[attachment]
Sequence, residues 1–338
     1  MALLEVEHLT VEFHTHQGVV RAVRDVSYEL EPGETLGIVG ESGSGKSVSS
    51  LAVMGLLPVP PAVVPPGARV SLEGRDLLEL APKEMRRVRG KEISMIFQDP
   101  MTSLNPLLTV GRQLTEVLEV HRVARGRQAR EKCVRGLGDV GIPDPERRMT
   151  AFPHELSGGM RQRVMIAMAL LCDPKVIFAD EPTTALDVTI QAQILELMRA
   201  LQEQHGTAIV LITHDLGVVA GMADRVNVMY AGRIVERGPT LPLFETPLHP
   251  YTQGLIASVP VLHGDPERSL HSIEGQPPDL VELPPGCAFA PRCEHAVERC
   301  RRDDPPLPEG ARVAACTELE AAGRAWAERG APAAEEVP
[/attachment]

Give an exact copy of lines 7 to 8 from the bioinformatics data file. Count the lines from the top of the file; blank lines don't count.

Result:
   251  YTQGLIASVP VLHGDPERSL HSIEGQPPDL VELPPGCAFA PRCEHAVERC
   301  RRDDPPLPEG ARVAACTELE AAGRAWAERG APAAEEVP